Some critics of the Obama administration's plan to remake health care call it a government takeover of medicine. But Kathy Dennis doesn't think it goes far enough.
Dennis, 49, a registered nurse from Woodland, wants the government to dismantle the private health insurance industry and replace it with a single, government-run insurer.
"I believe we need universal health care, and I believe in a single-payer system," said Dennis, 49. "Insurance companies are out to make money, and the way they make money is to deny you health care."
At a May rally in Washington, D.C., Dennis marched in her red scrubs alongside hundreds of other nurses, chanting slogans backing a single-payer plan.
They might as well have been shouting into a howling wind for all the impact they had. On Capitol Hill this year, single payer is a non-starter. Even a much more limited "public plan" option for health care faces a major fight.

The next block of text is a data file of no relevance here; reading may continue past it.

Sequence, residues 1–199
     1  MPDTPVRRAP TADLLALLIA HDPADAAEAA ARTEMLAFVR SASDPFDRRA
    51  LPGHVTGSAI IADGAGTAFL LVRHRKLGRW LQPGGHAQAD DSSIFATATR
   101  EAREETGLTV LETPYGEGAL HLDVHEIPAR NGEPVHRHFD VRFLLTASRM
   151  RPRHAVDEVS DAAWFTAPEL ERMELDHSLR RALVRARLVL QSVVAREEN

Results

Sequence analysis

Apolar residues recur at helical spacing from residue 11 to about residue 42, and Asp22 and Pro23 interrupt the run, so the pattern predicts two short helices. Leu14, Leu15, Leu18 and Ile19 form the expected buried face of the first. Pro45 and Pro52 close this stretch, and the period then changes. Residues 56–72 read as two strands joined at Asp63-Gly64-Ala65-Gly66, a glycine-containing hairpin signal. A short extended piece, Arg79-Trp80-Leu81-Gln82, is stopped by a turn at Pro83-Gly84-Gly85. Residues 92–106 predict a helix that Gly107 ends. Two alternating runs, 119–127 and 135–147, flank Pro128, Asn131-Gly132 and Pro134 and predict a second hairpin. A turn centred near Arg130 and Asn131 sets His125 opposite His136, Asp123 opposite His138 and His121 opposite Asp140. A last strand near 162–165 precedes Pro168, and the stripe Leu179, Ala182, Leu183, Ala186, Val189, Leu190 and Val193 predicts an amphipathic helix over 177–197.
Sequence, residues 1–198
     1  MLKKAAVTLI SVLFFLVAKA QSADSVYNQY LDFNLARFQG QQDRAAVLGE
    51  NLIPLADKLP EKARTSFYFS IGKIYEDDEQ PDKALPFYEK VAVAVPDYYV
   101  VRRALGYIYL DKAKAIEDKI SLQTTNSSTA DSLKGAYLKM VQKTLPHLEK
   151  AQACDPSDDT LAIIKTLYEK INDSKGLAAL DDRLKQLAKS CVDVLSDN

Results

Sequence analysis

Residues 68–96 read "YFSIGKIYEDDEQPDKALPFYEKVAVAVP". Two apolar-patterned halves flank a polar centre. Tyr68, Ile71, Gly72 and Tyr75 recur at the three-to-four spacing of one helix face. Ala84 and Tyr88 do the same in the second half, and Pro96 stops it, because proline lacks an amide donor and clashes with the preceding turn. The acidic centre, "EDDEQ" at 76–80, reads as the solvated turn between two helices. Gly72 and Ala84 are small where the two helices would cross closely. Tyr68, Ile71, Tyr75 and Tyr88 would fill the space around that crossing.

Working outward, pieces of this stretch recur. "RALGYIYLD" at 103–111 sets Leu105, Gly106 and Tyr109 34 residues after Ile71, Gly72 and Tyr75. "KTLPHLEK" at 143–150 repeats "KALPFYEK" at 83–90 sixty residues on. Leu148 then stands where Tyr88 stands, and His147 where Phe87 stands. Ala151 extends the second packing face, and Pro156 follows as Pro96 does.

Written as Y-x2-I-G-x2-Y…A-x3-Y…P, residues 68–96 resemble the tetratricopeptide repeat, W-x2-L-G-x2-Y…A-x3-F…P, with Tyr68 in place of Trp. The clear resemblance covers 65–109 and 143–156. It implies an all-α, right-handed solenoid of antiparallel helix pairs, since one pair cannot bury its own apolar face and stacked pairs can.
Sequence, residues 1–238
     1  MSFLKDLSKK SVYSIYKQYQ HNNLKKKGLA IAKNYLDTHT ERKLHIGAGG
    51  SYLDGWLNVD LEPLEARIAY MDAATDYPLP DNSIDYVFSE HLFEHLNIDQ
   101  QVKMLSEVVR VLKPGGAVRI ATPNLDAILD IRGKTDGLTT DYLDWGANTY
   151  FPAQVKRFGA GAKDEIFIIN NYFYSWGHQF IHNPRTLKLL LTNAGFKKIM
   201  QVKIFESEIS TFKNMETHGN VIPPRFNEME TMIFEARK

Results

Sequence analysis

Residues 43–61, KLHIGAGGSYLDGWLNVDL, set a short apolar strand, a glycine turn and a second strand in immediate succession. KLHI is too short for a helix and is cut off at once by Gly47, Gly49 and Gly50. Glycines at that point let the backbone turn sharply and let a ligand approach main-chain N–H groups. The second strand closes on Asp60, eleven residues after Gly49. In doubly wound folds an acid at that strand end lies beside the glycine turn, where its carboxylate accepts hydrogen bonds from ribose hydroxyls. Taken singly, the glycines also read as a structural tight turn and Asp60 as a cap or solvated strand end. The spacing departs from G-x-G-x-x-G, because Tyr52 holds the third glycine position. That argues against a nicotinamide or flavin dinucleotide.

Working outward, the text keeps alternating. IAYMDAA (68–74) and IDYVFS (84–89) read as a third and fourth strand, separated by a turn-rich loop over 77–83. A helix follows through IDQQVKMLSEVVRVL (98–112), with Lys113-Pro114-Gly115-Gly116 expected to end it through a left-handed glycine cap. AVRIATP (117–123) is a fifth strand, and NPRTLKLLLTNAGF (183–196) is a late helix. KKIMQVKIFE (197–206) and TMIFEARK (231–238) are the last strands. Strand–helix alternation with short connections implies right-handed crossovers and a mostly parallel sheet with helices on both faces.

"People aren't really fighting for what would be the best reform," said Deborah Burger, a registered nurse at Kaiser Permanente in Santa Rosa and co-president of the California Nurses Association. "Is it a lack of personal will or lack of political will? There's a whole bunch of people who say they support it but aren't moving it along."
"We get lectured about what's politically feasible," she said. "Of course it won't be politically feasible if you don't push for it."
Democratic Rep. Doris Matsui of Sacramento was sharply questioned on single payer by constituents at the health care town hall she hosted Saturday.
Eric Vega, a single-payer supporter, chided Matsui for endorsing the more limited public option that he said would not be enough to provide access to the country's estimated 46 million uninsured.
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